To the other side we go

Creating more gender-equitable workspaces, but are we asking for enough?

“Yes absolutely, sexual abuse perpetrators must experience consequence,” he responded as we talked about the #metoo movement. He then began to tell me a story about a woman at his office who had recently reported a male colleague for sexual harassment. “But I’ve also heard that he’s being wrongly accused. She has something against him, and is using the zeitgeist to her advantage. That is unfair, isn’t it?,” he asked me.

I began to imagine who this woman might be. My reflex imagination created an aggressive, cut-throat ambitious image, the kind of woman who selfishly does what she needs to get ahead. The kind of personality that is often used to portray a female leader in the news and media we consume. As if her personality has only this one dimension to it.

I began to imagine who this man might be — a nice, helpless, hard-working man stuck in the complexity of the #metoo movement — a man struggling to understand how years of accepted male behavior was now suddenly being reprimanded. A man wondering why women had swung from one end of the spectrum to the other, from silence to stories.

In the midst of my empathy for the man, and my one-dimensional image of the woman, I forgot about male privilege. The privilege of higher pay and opportunities this man might have enjoyed for years, without even having the awareness that he indeed is privileged. And in my rabbit hole of thoughts I didn’t realize how deeply problematic my own conditioning is, towards my own gender: I had automatically assumed the worst in this woman.

Unfair then? I went back to the original question. To even question the unfairness for the innocent man felt wrong. Was I advocating for wrongful accusation of men? No, not at all, but I thought of the woman again. Who was she? Maybe she was a single mother, trying to feed her family. Maybe she had been passed up for promotion because she was seen as a mother first and therefore was assumed unreliable at work. Maybe she had come back from maternity leave and had to accept a pay-cut. None of these justify wrongful accusation of the man, but why don’t I question the fairness for the situations she might be in?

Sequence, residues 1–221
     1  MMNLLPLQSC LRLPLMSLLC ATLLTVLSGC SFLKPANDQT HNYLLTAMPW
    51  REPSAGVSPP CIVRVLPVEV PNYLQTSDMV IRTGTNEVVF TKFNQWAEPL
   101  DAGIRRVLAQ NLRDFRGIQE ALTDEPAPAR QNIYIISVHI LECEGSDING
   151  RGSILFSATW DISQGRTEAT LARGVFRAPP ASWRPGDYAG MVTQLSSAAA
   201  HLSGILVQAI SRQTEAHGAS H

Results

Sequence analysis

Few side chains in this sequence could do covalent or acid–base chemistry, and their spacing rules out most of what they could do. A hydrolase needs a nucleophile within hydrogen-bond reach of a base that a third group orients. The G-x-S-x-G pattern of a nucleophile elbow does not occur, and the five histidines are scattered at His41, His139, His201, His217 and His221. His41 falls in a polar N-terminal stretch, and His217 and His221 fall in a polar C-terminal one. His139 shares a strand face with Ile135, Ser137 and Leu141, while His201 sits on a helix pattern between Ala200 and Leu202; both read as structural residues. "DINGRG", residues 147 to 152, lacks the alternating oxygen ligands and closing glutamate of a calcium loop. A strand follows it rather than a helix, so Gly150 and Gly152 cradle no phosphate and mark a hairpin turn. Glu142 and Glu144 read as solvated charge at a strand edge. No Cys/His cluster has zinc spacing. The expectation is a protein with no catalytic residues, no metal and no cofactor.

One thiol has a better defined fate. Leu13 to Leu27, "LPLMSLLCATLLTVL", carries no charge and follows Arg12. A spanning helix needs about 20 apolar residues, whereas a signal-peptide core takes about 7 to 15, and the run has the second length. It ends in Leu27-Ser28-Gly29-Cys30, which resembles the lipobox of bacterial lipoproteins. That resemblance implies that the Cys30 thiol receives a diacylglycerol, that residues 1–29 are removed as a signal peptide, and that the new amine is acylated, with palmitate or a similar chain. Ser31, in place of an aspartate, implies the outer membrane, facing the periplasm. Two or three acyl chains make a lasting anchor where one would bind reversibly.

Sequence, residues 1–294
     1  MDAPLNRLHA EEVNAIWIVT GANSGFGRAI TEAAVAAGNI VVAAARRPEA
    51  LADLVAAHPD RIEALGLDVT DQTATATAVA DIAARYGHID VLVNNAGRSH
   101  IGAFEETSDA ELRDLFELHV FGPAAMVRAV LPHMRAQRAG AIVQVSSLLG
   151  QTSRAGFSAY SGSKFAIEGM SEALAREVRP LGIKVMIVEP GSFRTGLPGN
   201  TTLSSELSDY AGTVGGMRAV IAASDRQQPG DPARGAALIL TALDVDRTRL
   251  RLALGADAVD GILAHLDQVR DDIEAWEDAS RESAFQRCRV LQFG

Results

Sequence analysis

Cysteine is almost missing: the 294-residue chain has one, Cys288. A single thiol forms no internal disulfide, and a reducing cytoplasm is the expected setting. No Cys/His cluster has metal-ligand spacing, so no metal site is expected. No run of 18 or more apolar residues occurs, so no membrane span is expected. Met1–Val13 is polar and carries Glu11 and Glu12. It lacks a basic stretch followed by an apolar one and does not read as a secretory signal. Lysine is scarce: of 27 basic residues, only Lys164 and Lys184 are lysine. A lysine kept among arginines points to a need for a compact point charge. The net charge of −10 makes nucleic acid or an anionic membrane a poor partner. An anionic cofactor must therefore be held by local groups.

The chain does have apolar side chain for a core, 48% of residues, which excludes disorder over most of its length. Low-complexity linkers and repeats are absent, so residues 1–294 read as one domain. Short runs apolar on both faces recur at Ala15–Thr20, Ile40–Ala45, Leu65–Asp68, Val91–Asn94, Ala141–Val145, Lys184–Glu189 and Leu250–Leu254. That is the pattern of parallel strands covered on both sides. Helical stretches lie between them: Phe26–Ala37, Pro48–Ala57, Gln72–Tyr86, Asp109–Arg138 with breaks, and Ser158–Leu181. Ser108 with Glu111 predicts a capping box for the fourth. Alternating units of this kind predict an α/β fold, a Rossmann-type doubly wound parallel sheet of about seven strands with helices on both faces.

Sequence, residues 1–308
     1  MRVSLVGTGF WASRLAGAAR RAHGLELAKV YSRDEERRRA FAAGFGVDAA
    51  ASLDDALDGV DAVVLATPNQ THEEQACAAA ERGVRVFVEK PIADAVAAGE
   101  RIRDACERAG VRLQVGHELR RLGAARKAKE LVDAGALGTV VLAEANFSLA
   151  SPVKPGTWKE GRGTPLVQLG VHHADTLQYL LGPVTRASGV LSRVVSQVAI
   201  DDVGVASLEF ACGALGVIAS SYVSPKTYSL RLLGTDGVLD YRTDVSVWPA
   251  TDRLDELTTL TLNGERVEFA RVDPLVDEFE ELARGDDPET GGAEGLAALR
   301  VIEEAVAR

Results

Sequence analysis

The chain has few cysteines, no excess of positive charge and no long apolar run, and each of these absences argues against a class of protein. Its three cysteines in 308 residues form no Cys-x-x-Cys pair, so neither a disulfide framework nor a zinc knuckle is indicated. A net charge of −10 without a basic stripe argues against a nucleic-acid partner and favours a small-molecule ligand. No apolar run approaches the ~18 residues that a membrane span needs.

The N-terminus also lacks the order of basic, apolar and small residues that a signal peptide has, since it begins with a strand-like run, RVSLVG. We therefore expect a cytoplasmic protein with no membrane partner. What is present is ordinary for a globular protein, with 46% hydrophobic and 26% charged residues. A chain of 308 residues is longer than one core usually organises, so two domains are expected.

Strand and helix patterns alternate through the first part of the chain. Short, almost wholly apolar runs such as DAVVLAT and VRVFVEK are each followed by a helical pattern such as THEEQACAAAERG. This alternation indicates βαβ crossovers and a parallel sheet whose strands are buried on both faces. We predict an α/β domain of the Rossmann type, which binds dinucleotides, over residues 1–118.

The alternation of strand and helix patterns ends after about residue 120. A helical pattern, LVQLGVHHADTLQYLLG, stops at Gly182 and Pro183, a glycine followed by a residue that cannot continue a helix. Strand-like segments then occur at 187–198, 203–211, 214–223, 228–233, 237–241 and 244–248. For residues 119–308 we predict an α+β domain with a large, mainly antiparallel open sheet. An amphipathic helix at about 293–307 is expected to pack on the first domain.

For the women who have to accept a world in which decisions about abortion and maternity leave are made by men? For the women who lose their jobs, accept pay-cuts, and work twice as hard after returning from maternity leave? For the women who experience gender pay gap and years of unpaid domestic labor? For the women who are confident, have a brilliant track record, are beyond qualified — and yet, are not in leadership positions they clearly belong in and deserve because of their gender? For the women who either have to choose between a career and a baby or have to be under immense pressure to “do/have it all?”

Unfair, then? I went back to the question again. But I wondered if this is even the right question. I imagined the women swinging across the spectrum on the #metoo movement, from silence to stories. A pendulum swings into the other direction before resuming equilibrium. So maybe the question I really want to ask is this: If we are really striving for “equality”, are we willing to ask for more than what we have been asking for? Are we willing to sacrifice male privilege to get there? Are we willing to ask for more women in executive leadership at the top rather than equal? Are we willing to ask that females be paid more than men? Are we willing to ask for required paternity leave to level the playing field just a little bit? 

Are we willing to ask for equity rather than equality, a few years of female privilege, so that pendulum can swing back into equilibrium, even if for a little while? Are we?


I cringed as I wrote down these questions. The patriarchy inside of me yelled uneasily. The imposter syndrome demanded that I shut up. My reflex imagination of the aggressive woman and the helpless, innocent man worked hard to keep my problematic conditioning safe. The privilege inside of me asked to stop the demands and be grateful for having the right to vote, for having the opportunity to be educated, for having the skills to own and fill a bank account, for having access to reproductive rights — for not having to fight those fights, but still reap the benefits.

And I am grateful. I’m grateful for all the women who fought and initiated the swing on the spectrum. But, we need to ask for more, push back to really swing high to the other side, allow for a new kind of extreme to exist — so that when we have had the fortune of experiencing the state of equilibrium, even for a fleeting moment, we know what it takes to come back to it.